You can't say bankers didn't earn the opprobrium. The irresponsible, avaricious behavior in the sector as a whole reduced the global economy to its knees. Millions have lost their jobs in the worst downturn since the 1930s and millions more lost their homes. And to add insult to injury, the bankers generally got off scot-free, not even giving an accounting of their sins.

The banks they led to the abyss received trillions of dollars from the taxpayer, who saw his income shrink while he had to shoulder soaring government spending to rescue financial institutions considered too big to fail. Meanwhile, while the taxpayers groaned, the bankers revved the bonus machine back up.

But even barons of finance unfamiliar with showers of love don't remember the last time the hatred was so pervasive. Even Republican presidential hopefuls like Newt Gingrich have distanced themselves. Suddenly, like money changers in the Middle Ages, they're lepers.

In November, at the height of the Occupy Wall Street protest, Food Network celebrity chef Mario Batali snarled to Time Magazine that bankers were as evil as Stalin or Hitler in their takeover of the planet. Those financiers, having made Batali who he is by eating at his restaurants, promptly boycotted him and he apologized. But the barb sank deep.

Once admired, finance workers were glorified in film like "Wall Street" - once Ivy Leaguers could think of no better destination for their stratospheric IQs than banks, hedge funds and the like. Today the party continues and the bonuses are flowing, but the dancers are vilified as robber barons at best and common thieves at less best. Bill Maher summed up the sea change by urging us to hang the bankers.

It didn't help that research found disturbing similarities between bankers and psychopaths: If 1% of the American population are psychopaths, this number is 10% among finance workers, social psychologist Robert Hair postulated in the Financial Times. Psychopaths may be charming but they're aggressive and self-centered; they're manipulative and thrill-seeking. In other words, they're born brokers and traders.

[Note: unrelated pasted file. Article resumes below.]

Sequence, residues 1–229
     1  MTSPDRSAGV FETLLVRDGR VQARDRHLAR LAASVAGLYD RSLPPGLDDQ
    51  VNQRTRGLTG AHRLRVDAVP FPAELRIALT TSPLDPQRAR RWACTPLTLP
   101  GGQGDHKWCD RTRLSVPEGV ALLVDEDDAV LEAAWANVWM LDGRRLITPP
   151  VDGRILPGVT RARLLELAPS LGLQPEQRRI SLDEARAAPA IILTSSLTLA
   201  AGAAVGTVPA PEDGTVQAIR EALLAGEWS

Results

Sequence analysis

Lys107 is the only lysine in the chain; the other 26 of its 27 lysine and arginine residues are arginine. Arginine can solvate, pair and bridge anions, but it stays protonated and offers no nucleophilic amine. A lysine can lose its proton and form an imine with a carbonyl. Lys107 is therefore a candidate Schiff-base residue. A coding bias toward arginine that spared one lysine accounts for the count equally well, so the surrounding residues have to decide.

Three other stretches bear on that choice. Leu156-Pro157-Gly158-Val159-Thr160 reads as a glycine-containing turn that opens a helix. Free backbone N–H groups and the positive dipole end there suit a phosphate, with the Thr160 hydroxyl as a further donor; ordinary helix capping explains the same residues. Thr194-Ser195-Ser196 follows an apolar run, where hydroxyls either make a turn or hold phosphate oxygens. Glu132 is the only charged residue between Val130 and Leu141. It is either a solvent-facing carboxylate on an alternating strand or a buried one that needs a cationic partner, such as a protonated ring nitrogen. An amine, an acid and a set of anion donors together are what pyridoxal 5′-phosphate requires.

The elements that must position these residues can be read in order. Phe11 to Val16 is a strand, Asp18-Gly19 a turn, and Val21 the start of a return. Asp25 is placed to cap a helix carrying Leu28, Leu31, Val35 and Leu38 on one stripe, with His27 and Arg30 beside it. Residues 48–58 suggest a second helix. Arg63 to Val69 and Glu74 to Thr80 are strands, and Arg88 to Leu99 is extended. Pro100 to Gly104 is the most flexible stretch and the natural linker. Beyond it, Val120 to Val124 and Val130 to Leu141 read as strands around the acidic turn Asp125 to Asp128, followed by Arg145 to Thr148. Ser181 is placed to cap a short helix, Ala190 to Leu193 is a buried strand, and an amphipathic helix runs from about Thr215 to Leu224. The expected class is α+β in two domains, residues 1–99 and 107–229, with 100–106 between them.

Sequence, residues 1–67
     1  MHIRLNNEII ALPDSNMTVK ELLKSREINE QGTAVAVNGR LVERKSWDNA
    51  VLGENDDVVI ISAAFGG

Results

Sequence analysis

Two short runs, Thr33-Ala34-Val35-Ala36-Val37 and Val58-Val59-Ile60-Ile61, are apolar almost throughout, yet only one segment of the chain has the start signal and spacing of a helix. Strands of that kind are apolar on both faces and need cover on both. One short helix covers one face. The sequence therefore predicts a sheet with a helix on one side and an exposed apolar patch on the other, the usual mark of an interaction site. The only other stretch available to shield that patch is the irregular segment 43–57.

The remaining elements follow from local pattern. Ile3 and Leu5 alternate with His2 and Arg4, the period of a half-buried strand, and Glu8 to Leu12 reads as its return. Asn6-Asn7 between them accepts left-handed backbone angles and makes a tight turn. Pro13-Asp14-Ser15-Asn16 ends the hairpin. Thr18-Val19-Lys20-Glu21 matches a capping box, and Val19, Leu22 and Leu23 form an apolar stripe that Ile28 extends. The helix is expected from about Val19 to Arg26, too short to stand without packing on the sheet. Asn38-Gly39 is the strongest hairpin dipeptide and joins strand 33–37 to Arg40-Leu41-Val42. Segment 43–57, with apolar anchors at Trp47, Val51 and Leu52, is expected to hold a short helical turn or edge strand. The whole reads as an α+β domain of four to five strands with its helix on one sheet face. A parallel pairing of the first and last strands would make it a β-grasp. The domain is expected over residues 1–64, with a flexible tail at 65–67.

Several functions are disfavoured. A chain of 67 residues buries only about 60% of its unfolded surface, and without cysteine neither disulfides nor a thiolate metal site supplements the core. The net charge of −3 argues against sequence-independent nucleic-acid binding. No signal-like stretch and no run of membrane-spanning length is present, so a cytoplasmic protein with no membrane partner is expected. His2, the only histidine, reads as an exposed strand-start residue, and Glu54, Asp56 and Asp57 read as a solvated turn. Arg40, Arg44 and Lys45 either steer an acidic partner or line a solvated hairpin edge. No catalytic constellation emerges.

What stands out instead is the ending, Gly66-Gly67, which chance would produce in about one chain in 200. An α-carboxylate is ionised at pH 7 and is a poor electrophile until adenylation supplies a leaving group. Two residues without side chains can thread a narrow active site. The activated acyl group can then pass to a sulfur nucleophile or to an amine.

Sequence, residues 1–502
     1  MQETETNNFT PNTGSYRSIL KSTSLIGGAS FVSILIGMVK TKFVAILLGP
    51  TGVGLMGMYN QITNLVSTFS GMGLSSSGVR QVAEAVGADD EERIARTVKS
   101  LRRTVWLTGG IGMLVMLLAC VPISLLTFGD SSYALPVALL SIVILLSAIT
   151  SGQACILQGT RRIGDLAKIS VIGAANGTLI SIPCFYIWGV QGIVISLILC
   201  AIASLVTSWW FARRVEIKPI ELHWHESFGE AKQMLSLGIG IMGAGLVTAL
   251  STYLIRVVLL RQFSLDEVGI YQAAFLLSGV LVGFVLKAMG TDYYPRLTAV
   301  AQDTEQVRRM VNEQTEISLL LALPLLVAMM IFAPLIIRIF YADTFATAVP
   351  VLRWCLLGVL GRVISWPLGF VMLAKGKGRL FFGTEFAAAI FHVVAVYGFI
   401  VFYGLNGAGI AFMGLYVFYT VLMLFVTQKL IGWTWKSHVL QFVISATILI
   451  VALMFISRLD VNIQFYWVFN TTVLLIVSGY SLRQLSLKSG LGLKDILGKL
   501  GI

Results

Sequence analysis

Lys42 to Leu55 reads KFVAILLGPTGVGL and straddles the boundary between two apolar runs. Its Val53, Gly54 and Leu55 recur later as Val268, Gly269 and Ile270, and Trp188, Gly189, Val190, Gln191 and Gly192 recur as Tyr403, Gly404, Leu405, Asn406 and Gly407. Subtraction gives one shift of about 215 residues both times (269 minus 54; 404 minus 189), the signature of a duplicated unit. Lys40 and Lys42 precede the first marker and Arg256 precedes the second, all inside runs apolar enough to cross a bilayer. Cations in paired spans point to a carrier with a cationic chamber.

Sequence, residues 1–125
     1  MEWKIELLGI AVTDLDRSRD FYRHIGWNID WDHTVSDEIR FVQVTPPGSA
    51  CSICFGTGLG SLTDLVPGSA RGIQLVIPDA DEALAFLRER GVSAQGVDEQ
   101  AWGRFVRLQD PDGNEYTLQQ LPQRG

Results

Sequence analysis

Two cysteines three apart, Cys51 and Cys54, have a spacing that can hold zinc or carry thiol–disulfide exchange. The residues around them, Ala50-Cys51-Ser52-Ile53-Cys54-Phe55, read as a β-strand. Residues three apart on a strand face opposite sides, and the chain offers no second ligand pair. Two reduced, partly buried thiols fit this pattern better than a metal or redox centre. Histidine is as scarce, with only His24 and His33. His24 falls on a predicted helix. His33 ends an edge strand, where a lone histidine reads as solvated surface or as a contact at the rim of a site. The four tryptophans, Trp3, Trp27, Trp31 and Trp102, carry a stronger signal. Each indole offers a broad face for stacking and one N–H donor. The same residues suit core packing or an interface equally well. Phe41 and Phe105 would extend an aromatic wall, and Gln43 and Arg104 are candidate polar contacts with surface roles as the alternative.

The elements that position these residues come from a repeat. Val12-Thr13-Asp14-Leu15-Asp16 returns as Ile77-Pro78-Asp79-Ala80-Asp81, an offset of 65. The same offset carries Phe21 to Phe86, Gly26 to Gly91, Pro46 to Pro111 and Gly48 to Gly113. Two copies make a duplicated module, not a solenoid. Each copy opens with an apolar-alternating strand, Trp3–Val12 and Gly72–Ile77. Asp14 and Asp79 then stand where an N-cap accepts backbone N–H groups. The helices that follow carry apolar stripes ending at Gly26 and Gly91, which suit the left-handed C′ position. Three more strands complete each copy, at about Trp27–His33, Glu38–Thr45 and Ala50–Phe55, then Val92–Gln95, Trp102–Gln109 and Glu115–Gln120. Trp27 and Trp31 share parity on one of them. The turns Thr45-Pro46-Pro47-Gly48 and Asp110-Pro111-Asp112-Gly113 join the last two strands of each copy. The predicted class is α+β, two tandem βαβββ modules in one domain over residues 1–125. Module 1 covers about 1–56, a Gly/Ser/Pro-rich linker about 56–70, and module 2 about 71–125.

The loathing is visceral and worldwide. In Britain, the CEO of the Royal Bank of Scotland, Stephen Hester, had to forgo his annual bonus. Two days before the Queen stripped his predecessor, Fred Goodwin, of his knighthood because of his role in the British banking crisis. Until then only criminals had lost royally bestowed honors. Labour Party leader Ed Miliband is calling for tax on bankers' bonuses, and former Lord Mayor of London Ken Livingstone remarked that bonuses in the banking world are like "penis extensions."

In France, socialist presidential hopeful Francois Hollande named finance as his "greatest enemy."

What's the best way to rob a bank?

Israelis haven't gone heavy on the banker-blasting. None have been crowned the emblem of evil. Even when Israeli bankers stood out for malfeasance, for instance after the bank-shares scandal of 1983, Israelis just shrugged. The pet peeve in Israel these days is the tycoons.